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Kansas City Royals sold

David Glass and his family on Friday announced the sale of the Kansas City Royals to an ownership group led by local entrepreneur John Sherman in a deal expected to be worth about $1 billion.

The Royals announced the sale just days after word began to leak that the Sherman group was closing in on an agreement. Sherman and his co-investors will become only the third owners since another local businessman, the beloved Ewing Kauffman, founded the club in 1969.

"The decision to sell the Royals was difficult for our family," said Glass, whose son Dan has served as the Royals' president. "Our goal, which I firmly believe we've achieved, was to have someone local, who truly loved the game of baseball and who would be a great steward for this franchise going forward. In John Sherman we have found everything we were looking for in taking ownership."

The 64-year-old Sherman has lived in Kansas City for more than four decades, even after he bought an interest in the Cleveland Indians. He founded, built and then sold a series of energy companies and has remained an influential local businessman, dabbling in agriculture in biosciences.

Sherman, who played quarterback at nearby Ottawa University, is also a well-respected civic leader, even though he keeps a low profile. He has given time and money to the Truman Presidential Library in nearby Independence, the Negro Leagues Museum in Kansas City, and several local schools. He and his wife, Marny, have also worked with Teach for America and other educational organizations.

"I am enormously grateful to David and the Glass family for this extraordinary opportunity," Sherman said, "and am humbled by the chance to team up with a distinguished group of local investors to carry forward and build on this rich Kansas City Royals legacy.

"Our goal will be threefold: to compete for a championship on behalf of our fans; to honour their passion, their experience and their unwavering commitment; and to carry their hopes and dreams forward in this great Kansas City region we all love for decades to come."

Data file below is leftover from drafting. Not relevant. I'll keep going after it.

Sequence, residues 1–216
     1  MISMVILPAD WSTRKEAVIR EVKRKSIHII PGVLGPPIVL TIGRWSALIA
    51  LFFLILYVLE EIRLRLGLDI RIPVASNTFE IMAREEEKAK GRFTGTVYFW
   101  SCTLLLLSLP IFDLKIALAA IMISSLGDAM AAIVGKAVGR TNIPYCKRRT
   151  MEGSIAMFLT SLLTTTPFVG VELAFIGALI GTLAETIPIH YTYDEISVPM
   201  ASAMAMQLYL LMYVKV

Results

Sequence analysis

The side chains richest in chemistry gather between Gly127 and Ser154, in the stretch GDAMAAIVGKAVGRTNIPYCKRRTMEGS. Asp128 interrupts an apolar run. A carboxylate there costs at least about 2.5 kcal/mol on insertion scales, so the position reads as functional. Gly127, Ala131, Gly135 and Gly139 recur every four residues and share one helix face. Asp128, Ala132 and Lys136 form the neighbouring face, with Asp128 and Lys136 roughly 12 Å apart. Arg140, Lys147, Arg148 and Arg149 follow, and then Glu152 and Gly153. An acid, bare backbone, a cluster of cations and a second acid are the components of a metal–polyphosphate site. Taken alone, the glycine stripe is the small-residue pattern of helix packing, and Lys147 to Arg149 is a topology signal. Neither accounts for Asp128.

Sherman will need to divest his interest in the Cleveland Indians, believed to be about 30 per cent of the franchise, and the deal is subject to the approval of Major League Baseball.

Those hurdles should be cleared before owners vote on the sale at their meeting Nov. 21.

"We're very supportive of John and his group reaching an agreement to acquire ownership of his hometown Kansas City Royals," Indians president Paul Dolan said. "His acquisition of the Royals is good for the game of baseball and I wish him nothing but the best."

Sherman was introduced by Dolan by Steve Greenberg, the son of Hall of Famer Hank Greenberg. His financial involvement allowed the team to push its payroll over the years, including in 2016, when the Indians acquired All-Star reliever Andrew Miller from the Yankees before the trading deadline.

The Indians proceeded to reach the World Series for the first time since 1997.

The Royals had represented the American League in the Fall Classic the previous two years, winning their second World Series title when they defeated the New York Mets in 2015. The back-to-back pennants came after a long period of dismal performances, leaving Glass with a mixed legacy in Kansas City.

On one hand, the 83-year-old Glass and his family kept the club in town following Kauffman's death in 1993. The longtime Wal-Mart executive served as caretaker of the organization until April 2000, when he purchased sole ownership of the franchise for $96 million — considered a strong bid at the time.

On the other hand, Glass was derided during the Royals' many 100-loss seasons for being unwilling to spend money on payroll, something he rectified in more recent years. Many fans also viewed him as an absentee owner whose family was more committed to northwest Arkansas than Kansas City.

"He's one of the most unique people I've ever met in my life," countered Royals manager Ned Yost. "Probably starting in 2012, my whole focus was to win a world championship for him. I didn't have any understanding or inkling what it would mean to win a championship for the city. I found that out later. But I wanted to win a championship for him."

Yost said watching Glass raise the World Series trophy in 2015 "one of the top three highlights of my baseball career, because we had accomplished it for him."



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